By John Jacobson
Sleigh Bells’ fourth studio album Jessica Rabbit was just the fit for the mood post-election: continually loud, sonic calls of darkness and anger. Its Nov. 11 release date came just after the 2016 presidential election. The band’s history of indie rage set this record up to be the perfect macabre musical lining to the looming storm cloud known as Donald Trump.
Jessica Rabbit retains the sound that Sleigh Bells has been experimenting with since the band’s debut album Treats dropped in 2010. The band has reportedly taken a more lyric-centric approach than in the past, with singer Alexis Krauss doing more songwriting and showing a wider vocal range. “It’s Just Us Now” opens the album with intensive beats and a chorus that opens with, “And when you die/ I wanna die, I wanna die with you.”
“Lightning Turns Sawdust Gold” features the developed lyricism that the band has been evolving, with lines like “I’ll show you how to shake the pain like cinnamon” and “Take a deep breath before you do something drastic/ Knocking off heads with your military tactics.” Even when the lyrics proved themselves to be creative and Krauss’s voice rose above the din, the band’s signature clashing and raving overwhelmed the listening experience.
The music’s quick descent into anarchy and rage is the perfect auditory coupling to the country’s post-election emotions , but the problem with rage is that it can feel hollow if it doesn’t progress to something else. Jessica Rabbit’s songs – “Crucible,” “Unlimited Dark Paths,” “Hyper Dark” – move from rage and darkness to more rage and darkness. After four albums of developing a unique sound and infusing electronic and hip-hop elements, the band’s sound still feels like much of the same.
The album feels its most dynamic during songs like “Loyal For” and “I Know Not to Count on You.” These interlude-style songs are about two minutes long, and their sound comes as a relief to the boom and pop of electronic noise. In these interludes, there is a moment to breathe, to ponder where the clashing tumult of musical devastation has left us, something that seems to be a rarity for a Sleigh Bells album.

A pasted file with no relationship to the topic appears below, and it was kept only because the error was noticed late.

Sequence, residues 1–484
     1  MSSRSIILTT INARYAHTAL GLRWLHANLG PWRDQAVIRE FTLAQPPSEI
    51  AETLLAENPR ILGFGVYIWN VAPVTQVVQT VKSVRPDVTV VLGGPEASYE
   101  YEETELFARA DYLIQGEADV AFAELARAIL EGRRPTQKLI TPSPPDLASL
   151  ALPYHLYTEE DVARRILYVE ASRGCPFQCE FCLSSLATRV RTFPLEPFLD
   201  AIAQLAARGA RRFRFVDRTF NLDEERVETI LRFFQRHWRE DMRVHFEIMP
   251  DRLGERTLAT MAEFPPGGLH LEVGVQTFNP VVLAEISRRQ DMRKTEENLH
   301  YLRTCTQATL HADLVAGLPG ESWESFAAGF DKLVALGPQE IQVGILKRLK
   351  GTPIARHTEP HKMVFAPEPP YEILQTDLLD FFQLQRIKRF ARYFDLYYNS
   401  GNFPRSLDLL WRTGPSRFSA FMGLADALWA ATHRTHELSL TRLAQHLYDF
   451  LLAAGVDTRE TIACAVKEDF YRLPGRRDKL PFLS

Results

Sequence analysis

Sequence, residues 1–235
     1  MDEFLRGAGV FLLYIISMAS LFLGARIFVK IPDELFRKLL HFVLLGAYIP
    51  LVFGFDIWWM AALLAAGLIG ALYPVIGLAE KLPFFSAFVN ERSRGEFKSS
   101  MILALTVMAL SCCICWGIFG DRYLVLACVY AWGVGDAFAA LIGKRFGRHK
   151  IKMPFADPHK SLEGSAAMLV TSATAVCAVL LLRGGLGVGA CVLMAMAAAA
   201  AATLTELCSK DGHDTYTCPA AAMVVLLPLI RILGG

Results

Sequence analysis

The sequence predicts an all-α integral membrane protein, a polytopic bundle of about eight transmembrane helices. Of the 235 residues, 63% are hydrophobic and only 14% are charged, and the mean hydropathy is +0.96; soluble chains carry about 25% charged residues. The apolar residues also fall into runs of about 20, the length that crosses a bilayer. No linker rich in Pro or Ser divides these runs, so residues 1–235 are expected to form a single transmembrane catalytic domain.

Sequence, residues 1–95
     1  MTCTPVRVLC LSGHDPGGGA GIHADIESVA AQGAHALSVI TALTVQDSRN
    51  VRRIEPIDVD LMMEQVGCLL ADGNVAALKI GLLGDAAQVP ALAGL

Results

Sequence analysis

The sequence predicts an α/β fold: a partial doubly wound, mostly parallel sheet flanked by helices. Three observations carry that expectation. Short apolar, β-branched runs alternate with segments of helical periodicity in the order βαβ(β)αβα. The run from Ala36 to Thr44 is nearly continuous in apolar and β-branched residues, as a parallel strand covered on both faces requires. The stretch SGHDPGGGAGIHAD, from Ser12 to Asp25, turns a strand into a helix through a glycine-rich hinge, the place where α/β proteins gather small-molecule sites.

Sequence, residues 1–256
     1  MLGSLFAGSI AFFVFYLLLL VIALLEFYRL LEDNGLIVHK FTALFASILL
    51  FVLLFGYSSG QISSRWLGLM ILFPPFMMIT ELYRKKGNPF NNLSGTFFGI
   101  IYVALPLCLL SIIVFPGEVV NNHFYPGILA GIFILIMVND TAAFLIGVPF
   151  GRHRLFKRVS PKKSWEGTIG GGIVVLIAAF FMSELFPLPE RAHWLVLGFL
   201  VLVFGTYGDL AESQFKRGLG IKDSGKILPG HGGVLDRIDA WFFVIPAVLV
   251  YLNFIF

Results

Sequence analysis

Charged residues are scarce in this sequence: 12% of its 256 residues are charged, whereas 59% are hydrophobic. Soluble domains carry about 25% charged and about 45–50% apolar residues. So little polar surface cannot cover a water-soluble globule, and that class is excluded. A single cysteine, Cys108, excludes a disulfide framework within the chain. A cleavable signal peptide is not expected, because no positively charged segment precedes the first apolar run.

Post-election rage couldn’t sustain Jessica Rabbit throughout its full 14 songs. By “Hyper Dark,” the chorus, “Hyper dark/ I think we have a problem,” sounds tired, as though the band was just cycling through feelings of hurt and neglect with no promise of a future. The rage had lost its momentum. The sounds Sleigh Bells can create are industrial and unusual for the mainstream music industry, but their growing pains are evident by the way Jessica Rabbit tries new techniques only to continue to drown in the sound. Fans of the band will find it a worthy addition to their discography, but it remains to be seen if Sleigh Bells can take the creative leaps necessary enough to push themselves forward. Just as we want to search for ways to channel our despair into action, Sleigh Bells needs to channel theirs into music that feels like an evolution rather than a cycle of continuous noise.